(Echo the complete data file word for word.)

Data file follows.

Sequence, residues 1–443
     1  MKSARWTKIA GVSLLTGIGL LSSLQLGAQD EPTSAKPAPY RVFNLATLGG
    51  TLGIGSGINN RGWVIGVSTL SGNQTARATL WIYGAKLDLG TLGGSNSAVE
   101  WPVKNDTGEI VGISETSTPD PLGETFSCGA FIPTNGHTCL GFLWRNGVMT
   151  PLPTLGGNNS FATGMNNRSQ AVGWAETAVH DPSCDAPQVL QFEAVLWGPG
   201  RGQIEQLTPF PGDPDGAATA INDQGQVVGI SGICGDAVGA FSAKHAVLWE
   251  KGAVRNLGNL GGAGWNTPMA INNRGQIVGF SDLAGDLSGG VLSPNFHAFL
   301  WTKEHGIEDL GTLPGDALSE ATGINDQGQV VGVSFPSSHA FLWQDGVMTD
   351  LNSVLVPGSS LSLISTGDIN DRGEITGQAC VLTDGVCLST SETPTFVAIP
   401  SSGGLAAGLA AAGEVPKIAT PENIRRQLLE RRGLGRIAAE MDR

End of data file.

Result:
Sequence, residues 1–443
     1  MKSARWTKIA GVSLLTGIGL LSSLQLGAQD EPTSAKPAPY RVFNLATLGG
    51  TLGIGSGINN RGWVIGVSTL SGNQTARATL WIYGAKLDLG TLGGSNSAVE
   101  WPVKNDTGEI VGISETSTPD PLGETFSCGA FIPTNGHTCL GFLWRNGVMT
   151  PLPTLGGNNS FATGMNNRSQ AVGWAETAVH DPSCDAPQVL QFEAVLWGPG
   201  RGQIEQLTPF PGDPDGAATA INDQGQVVGI SGICGDAVGA FSAKHAVLWE
   251  KGAVRNLGNL GGAGWNTPMA INNRGQIVGF SDLAGDLSGG VLSPNFHAFL
   301  WTKEHGIEDL GTLPGDALSE ATGINDQGQV VGVSFPSSHA FLWQDGVMTD
   351  LNSVLVPGSS LSLISTGDIN DRGEITGQAC VLTDGVCLST SETPTFVAIP
   401  SSGGLAAGLA AAGEVPKIAT PENIRRQLLE RRGLGRIAAE MDR